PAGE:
Bone health depends on regular exercise, healthy diet

Credit: Getty Images

Credit: Getty Images

Exercise has a profound effect on our physical and mental health. The more we move, the more likely it is that we will enjoy a better quality of life, including fewer problems with balance, strength, endurance and stamina.

Physical activity elevates mood, enhances the immune system, increases healthy HDL cholesterol, improves posture, and lowers resting heart rate.

Many people do not realize that regular exercise is necessary for bone health. In fact, inactivity is a known risk factor for developing osteopenia and osteoporosis, or low bone mass. Bone is living tissue, and responds to changes that occur with loading, as happens when lifting weights and activities where the body is moving upright such as with walking.

Stronger bones reduce injury risk as we age. For example, a well-conditioned person who takes a fall is much less likely to suffer serious injury than a person who is out of shape. Unfortunately falls and the fractures that can result are a leading cause of disability and death among older Americans.

Research in this area shows that staying active throughout life reduces the number of hip fractures experienced by older people by nearly one half.

Consuming a healthy diet, including getting enough calcium and vitamin D is another important way to help maintain bone density. Healthy bones are both strong and flexible, important factors that prevent them from fracturing under stress.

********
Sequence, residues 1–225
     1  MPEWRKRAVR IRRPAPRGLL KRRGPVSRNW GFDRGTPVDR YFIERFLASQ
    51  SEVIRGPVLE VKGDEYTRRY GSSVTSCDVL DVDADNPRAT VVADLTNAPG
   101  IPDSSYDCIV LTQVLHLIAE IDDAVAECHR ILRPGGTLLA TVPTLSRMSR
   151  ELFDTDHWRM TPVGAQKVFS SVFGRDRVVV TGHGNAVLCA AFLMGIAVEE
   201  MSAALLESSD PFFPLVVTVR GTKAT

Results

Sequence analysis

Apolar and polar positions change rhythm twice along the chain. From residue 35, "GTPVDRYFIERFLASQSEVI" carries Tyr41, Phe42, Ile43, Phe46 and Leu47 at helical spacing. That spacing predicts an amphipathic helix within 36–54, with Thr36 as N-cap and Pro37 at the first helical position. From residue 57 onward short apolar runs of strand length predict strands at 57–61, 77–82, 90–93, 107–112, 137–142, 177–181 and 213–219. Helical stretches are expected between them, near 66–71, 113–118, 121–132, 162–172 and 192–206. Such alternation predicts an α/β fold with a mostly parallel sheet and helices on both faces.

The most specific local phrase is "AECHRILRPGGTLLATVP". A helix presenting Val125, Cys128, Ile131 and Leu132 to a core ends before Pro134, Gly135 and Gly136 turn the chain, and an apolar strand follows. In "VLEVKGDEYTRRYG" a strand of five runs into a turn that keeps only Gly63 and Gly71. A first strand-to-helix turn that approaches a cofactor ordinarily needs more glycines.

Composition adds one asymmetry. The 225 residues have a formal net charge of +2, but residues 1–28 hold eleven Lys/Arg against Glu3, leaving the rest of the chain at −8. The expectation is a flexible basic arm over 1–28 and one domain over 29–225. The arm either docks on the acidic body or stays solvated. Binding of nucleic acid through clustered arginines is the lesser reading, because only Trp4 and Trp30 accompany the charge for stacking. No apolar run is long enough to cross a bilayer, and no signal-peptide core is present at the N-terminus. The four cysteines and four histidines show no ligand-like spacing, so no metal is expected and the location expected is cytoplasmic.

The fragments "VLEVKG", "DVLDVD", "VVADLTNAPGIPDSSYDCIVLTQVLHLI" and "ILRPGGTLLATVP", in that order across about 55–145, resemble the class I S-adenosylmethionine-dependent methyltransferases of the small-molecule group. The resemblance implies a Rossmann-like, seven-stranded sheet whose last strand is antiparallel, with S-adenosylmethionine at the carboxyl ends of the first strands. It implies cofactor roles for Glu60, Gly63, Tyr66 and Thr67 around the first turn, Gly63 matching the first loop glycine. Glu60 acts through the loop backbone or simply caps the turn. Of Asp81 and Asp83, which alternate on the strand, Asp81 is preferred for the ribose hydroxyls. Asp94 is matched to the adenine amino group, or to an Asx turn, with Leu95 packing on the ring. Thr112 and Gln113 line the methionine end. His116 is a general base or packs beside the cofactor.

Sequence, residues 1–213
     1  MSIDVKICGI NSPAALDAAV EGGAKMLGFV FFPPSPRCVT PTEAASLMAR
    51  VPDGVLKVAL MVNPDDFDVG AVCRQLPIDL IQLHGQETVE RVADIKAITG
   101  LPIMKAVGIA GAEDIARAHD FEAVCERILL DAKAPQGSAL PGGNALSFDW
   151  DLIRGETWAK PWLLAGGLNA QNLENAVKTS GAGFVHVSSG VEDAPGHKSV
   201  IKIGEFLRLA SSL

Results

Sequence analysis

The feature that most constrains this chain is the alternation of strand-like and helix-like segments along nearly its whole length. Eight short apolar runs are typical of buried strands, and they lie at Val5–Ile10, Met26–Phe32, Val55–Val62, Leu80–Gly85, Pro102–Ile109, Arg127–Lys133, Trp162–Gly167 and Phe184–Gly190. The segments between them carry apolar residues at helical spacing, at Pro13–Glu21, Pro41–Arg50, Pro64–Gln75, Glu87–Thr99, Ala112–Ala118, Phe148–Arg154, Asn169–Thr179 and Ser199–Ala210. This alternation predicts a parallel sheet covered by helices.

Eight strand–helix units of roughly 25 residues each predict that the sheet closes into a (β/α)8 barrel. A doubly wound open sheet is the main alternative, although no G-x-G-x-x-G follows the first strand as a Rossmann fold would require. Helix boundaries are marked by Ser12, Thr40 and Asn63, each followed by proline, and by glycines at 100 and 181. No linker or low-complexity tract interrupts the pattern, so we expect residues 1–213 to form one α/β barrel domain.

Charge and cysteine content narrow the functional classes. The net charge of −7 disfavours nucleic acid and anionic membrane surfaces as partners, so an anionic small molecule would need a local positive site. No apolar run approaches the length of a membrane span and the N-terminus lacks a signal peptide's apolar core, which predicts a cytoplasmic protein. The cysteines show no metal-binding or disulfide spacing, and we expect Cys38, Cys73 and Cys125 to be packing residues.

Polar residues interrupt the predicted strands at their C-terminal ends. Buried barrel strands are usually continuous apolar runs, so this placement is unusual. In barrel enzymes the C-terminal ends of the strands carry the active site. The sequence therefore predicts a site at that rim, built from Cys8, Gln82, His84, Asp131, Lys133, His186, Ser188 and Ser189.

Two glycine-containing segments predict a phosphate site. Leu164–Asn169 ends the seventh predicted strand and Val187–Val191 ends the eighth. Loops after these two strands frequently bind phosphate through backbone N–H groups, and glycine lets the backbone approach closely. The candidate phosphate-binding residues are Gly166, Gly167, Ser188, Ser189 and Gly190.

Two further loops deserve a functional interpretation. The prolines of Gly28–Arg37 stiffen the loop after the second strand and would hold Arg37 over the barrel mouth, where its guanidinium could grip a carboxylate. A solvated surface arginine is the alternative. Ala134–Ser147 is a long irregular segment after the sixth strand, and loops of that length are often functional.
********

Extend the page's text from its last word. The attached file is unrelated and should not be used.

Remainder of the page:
Crucial to bone health is its collagen matrix, a foundation of nutrients and minerals that allows them to expand, contract and repair without breaking. Smoking and/or alcohol should be avoided as they are detrimental to bone health. Your doctor or a registered dietician can advise you as to the amount of nutrients appropriate for your needs.

Allow time for your body to gradually strengthen. With resistance training, it is best to lift lighter weight loads and move slowly throughout each repetition when first starting out. Eight to12 repetitions and one to two sets of each exercise are typically sufficient to begin seeing progress.

All major muscle groups should be worked, but you may break this up into smaller segments, targeting different muscles on different days. This gives you time to see how your body is responding and allows you to become familiar with proper form. There must be sufficient overload to the muscle/bone in order to create a positive adaptive response. Put simply, there should be a gradual increase in the amount of weight lifted over time.

Body weight resistance exercises include squats, lunges, pushups and pullups among others. Other exercises can be performed using dumbbells, bands, bars or machines.

Cardiovascular (aerobic) weight-bearing activities: Examples are walking, hiking, light jogging, skating, dancing and/or low-impact aerobics classes. As with resistance training, if you are unaccustomed to exercise, build strength and endurance gradually.

Walking as little as three times a week can benefit the bones if you have been sedentary. Examples of non-weight-bearing activities include swimming and biking, which although can be good for the heart, rarely provide bone mineral density.

Marjie Gilliam is an International Sports Sciences Master certified personal trainer and fitness consultant. She owns Custom Fitness Personal Training Services LLC. Send email to

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